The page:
A huge percentage of businesses are realising the value of social customer service – the enthusiasm is there, but how many actually practice delivering exceptional social customer service?
We noticed the role social media was set to play in customer service from a very early stage, and have been working to develop Conversocial for companies to make this work for them ever since. Almost 3 years on, the importance and concept of social customer service is finally moving beyond innovators to the early adopter phase. The growth in 2012 has been remarkable, but there is still a long way to go. There are many major consumer brands that have yet to fully grasp what it means to deliver great social customer experience.
SAP, Social Media Today and Pivot have recently joined forces to create a new infographic, The Social Customer Service Conflict, based on The Social Customer Engagement Index. The infographic takes a look in detail at the role social media plays in customer service – the ideology behind it and the realities of social customer service in practice.
Their research found that 71% of businesses use social media for customer service, with almost 88% noting a positive impact on their business.
However, many are still reluctant to allocate a significant amount of resources to social customer care – 77.6% of those surveyed invested less than $50,000. This tells us that many businesses don’t yet see social channels as a serious customer service route, alongside email and phone. Without investing in the right resources - human and technical - to social customer service, you’ll struggle to deliver first contact resolution – the key to customer satisfaction when someone reaches out. Without the right people in place to pick up social inquiries and deal with them to completion on the front line of social communication, responding to customers becomes much more time consuming and frustrating for everyone.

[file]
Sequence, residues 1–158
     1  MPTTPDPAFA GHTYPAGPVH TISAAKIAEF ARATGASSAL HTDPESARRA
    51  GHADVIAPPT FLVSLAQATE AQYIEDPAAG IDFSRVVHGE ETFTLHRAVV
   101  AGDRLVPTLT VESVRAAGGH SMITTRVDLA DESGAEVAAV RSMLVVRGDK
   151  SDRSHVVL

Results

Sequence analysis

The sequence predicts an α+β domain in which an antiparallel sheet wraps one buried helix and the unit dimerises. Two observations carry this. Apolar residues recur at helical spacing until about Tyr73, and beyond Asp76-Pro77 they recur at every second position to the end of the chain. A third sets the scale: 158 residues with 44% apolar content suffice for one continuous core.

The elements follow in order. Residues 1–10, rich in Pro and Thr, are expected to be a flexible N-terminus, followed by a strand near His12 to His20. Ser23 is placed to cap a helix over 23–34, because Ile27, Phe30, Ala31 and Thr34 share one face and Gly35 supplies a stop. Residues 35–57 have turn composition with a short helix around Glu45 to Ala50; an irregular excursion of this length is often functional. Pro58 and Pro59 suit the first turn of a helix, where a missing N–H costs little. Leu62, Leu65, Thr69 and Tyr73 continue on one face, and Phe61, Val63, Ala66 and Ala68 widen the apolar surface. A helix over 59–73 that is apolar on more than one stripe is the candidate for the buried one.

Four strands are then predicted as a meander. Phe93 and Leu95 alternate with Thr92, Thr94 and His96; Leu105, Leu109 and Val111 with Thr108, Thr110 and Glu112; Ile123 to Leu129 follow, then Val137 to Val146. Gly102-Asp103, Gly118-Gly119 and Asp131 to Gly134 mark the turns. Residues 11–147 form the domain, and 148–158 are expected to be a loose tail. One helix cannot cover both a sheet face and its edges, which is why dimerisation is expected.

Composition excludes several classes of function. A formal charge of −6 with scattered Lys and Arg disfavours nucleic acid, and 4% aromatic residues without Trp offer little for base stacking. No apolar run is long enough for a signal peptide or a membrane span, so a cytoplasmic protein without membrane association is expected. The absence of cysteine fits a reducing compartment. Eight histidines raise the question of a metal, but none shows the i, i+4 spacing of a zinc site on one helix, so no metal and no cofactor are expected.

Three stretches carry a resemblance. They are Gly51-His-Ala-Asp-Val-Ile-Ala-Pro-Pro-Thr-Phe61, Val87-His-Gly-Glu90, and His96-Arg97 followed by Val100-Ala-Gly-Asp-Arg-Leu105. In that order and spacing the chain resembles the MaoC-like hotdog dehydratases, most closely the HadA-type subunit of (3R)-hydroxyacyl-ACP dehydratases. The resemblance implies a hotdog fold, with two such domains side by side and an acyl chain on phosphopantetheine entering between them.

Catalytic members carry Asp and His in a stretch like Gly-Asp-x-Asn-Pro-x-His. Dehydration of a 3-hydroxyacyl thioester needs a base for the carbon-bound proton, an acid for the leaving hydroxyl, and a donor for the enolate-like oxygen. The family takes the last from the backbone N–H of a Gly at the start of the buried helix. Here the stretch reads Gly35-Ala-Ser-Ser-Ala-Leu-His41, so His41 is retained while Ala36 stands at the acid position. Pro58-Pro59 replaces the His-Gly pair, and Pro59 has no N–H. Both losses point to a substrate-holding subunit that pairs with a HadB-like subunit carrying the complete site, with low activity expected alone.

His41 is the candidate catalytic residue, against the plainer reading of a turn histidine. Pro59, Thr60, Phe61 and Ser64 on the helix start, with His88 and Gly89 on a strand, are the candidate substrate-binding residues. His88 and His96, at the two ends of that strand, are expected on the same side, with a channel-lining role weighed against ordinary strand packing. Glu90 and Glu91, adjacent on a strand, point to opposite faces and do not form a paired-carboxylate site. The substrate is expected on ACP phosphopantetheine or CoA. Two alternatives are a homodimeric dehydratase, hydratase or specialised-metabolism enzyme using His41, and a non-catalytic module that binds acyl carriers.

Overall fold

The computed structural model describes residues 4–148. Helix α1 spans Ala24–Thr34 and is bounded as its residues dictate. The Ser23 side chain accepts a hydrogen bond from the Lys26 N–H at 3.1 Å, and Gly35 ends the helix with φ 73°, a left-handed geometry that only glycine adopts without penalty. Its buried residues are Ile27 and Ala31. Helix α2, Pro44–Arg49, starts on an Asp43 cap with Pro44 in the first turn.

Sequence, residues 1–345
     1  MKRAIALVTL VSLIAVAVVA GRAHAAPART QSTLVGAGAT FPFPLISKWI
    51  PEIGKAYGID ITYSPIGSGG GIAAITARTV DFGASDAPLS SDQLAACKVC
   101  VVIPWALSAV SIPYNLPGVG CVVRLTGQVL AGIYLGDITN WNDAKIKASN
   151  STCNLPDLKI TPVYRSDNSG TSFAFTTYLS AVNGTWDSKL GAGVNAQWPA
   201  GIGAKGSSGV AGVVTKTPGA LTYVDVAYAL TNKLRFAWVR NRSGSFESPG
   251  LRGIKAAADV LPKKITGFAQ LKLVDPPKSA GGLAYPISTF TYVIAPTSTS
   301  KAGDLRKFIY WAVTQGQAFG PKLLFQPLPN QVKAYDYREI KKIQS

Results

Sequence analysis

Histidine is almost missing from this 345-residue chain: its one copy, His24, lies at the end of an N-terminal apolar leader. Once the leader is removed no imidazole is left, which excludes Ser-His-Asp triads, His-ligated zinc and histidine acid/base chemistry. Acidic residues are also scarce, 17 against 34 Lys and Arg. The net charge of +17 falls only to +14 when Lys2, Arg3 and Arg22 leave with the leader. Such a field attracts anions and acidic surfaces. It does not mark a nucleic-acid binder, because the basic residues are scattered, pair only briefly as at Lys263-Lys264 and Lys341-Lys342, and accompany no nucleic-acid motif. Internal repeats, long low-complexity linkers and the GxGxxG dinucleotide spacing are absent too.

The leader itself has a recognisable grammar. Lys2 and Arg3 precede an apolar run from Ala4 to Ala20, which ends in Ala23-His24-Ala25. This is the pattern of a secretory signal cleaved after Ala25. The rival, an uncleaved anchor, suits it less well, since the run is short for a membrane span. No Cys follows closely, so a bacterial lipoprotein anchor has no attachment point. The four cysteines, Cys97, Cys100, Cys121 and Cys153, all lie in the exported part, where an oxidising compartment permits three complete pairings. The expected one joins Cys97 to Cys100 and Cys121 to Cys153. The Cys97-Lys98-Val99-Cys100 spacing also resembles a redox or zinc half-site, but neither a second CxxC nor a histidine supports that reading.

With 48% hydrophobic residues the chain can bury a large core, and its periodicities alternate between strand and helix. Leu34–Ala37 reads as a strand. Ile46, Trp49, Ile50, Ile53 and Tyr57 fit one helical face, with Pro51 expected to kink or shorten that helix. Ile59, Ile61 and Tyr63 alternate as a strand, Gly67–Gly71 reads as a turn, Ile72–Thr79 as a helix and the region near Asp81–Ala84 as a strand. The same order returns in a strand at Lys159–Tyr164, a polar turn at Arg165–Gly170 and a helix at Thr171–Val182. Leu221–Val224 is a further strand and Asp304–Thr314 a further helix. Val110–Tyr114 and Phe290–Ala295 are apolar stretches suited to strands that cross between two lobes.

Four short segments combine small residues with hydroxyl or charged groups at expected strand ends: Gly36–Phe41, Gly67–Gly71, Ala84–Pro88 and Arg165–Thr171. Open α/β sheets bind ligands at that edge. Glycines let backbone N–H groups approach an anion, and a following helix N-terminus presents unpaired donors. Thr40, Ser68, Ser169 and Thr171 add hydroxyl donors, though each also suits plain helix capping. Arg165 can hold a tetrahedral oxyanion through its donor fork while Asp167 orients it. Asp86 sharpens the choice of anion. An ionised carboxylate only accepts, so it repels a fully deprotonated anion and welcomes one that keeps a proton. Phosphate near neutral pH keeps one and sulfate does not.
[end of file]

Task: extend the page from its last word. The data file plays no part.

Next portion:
Companies who are already using social for customer service don’t appear to be using it to its full potential, with only 17.7% solving 25% or more customer service issues online. Almost 40% of businesses address issues without having a process in place, choosing to respond on an ad-hoc basis instead. This lack of procedure helps to explain why 32.5% of businesses response times take around 4 hours. On Twitter 30% of customers expect an answer within 30 minutes and on Facebook 29% expect an answer in under 2 hours – the reality of 4 hour response times just isn’t enough to keep customers happy. In only giving attention to such a small percentage of customer issues, companies are not only at risk of social media issues bubbling over into a crisis, but are missing out on the perfect opportunity to turn negative sentiment to positive.
Today, implementing customer service on social channels because “everyone else is doing it”, and considering that a success, just won’t cut it. Your brand’s reputation is on the line, as in the social age businesses have become far more customer-led than ever before. There is no better time than now to deliver great social customer experience and move away from lip service to customer care ideals.
The full Social Customer Service Conflict Infographic is available to view in full here.
What are your thoughts on the conflict social customer service faces? Without a solid structure and the right processes in place, are the intentions of social customer service enough? We’re interested to hear your thoughts in the comments below!